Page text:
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Court Strikes Down Voter ID As A Poll Tax - So Greg Abbott Vows To Defend It

Greg Abbott is going to court to defend a poll tax - just one more reason why your vote this election could make a difference.

Yesterday, a United States federal district court judge ruled that Texas' voter ID law is unconstitutional because it violates the Voting Rights Act. Furthermore, the court found that the costs required to follow the law constitute a poll tax. From the 147-page ruling by U.S. District Judge Nelva Gonzales Ramos of the Southern District Court of Texas:

The Court holds that SB 14 creates an unconstitutional burden on the right to vote, has an impermissible discriminatory effect against Hispanics and African-Americans, and was imposed with an unconstitutional discriminatory purpose. The Court further holds that SB 14 constitutes an unconstitutional poll tax.

The voter ID law is temporarily blocked - but that may not last for long. 

Following the ruling, Abbott immediately announced he would appeal the decision to the hyper-conservative 5th Circuit Court of Appeals. If Greg Abbott prevails with the very conservative 5th Circuit, as many expect he will, the voter ID poll tax would remain in place for the start of Texas' early voting on Monday, October 20.

Why This Court Ruling on Texas' Voter ID Law Is Different Than Any Other Before

In her 147-page ruling, Judge Ramos thoroughly dismantles the GOP argument for the law. The arguments she laid out, as well as evidence presented in court by those opposing the law, could prove to be enough for the United States Supreme Court - which will almost certainly have the final say - to ultimately declare the law unconstitutional. 

Key things to know about her ruling:

  1. The case is a successful challenge to a voter ID law based on Section 2 of the Voting Rights Act. That's important because another part of the Voting Rights Act, Section 4, was recently struck down by the Supreme Court, which is what allowed Texas' voter ID law to go into effect in the first place. A successful challenge based on Section 2 of the law is an important step forward in the fight for voting rights here in Texas, and across the country. From the ruling:

    SB 14 does not disproportionately impact African-Americans and Hispanics by mere chance. Rather, it does so by its interaction with the vestiges of past and current racial discrimination. SB 14 results in the denial or abridgement of the right of African-Americans and Latinos to vote on account of their race, color, or membership in a language minority group in violation of Section 2 of the Voting Rights Act. (p. 125)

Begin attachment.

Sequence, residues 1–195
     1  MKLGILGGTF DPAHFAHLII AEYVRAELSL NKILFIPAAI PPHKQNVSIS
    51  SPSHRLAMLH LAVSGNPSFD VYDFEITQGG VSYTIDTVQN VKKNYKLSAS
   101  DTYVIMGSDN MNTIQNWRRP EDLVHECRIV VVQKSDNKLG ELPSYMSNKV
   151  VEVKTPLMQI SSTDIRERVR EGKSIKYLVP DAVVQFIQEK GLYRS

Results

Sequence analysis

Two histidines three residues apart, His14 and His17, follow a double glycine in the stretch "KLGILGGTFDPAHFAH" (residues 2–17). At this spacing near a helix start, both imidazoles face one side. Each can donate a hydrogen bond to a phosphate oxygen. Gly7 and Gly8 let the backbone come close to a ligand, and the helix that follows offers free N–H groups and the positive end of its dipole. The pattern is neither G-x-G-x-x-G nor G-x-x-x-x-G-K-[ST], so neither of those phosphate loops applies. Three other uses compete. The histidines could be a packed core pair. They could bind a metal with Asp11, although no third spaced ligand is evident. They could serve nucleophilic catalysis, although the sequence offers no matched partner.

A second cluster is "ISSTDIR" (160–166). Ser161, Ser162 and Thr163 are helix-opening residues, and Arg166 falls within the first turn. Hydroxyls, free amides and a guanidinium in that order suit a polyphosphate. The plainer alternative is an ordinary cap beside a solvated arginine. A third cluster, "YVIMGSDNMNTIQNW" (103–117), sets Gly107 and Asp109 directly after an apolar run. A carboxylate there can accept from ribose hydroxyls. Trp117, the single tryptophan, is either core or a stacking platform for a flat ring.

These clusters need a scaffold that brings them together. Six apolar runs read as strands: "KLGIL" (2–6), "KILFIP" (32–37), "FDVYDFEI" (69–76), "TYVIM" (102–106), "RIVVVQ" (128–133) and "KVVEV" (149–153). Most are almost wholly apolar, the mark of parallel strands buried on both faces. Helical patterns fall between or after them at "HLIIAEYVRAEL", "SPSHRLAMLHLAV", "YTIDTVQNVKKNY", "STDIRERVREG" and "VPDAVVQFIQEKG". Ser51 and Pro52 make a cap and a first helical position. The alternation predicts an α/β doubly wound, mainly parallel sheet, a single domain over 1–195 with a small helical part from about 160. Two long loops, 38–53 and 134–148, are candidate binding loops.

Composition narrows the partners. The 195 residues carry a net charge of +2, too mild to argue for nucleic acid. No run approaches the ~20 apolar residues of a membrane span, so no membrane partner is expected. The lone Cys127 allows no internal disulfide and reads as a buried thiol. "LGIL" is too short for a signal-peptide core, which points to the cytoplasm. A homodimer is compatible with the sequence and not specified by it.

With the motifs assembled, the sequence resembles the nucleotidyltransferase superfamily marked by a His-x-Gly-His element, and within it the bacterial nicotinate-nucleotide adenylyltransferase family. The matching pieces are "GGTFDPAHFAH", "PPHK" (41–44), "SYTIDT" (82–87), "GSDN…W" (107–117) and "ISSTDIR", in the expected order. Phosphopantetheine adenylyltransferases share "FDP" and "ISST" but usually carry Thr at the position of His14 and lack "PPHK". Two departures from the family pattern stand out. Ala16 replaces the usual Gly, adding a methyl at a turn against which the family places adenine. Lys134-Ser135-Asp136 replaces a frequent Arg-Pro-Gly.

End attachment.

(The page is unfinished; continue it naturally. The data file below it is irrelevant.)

2. The fact that the voter ID law is a poll tax is very important. From the ruling:

    The fact that a voter without an approved form of SB 14 ID and without a birth certificate, in order to vote, must pay a fee to receive a certified copy of his or her birth certificate, which is functionally essential for an EIC, violates the 24th Amendment as an impermissible poll tax or “other tax.” It also violates the 14th Amendment by making the “payment of any fee . . . an electoral standard.” (p. 139)

    1. According to the evidence presented by Abbott and the state of Texas, there were only 2 convictions based on in-person voter impersonation fraud - the kind of voting irregularity the voter ID law would theoretically address - in the decade before the law went into effect. Meanwhile, 11 witnesses testified directly about how voter ID disenfranchised them, all in less than a year since it's been in place.
    2. The ruling carefully explains why this case is distinctly different than rulings regarding challenges to 6 other voter ID laws in Indiana, Georgia, Tennessee, Wisconsin, Pennsylvania, New Mexico - demonstrating why Texas' law is uniquely illegal.
    3. The court found that Texas Republicans intentionally discriminated against African-Americans and Hispanics. From the ruling:

      This Court concludes that the evidence in the record demonstrates that proponents of SB 14 within the 82nd Texas Legislature were motivated, at the very least in part, because of and not merely in spite of the voter ID law’s detrimental effects on the African-American and Hispanic electorate. As such, SB 14 violates the VRA as well as the 14th and 15th Amendments to the Unites States Constitution. (p. 134)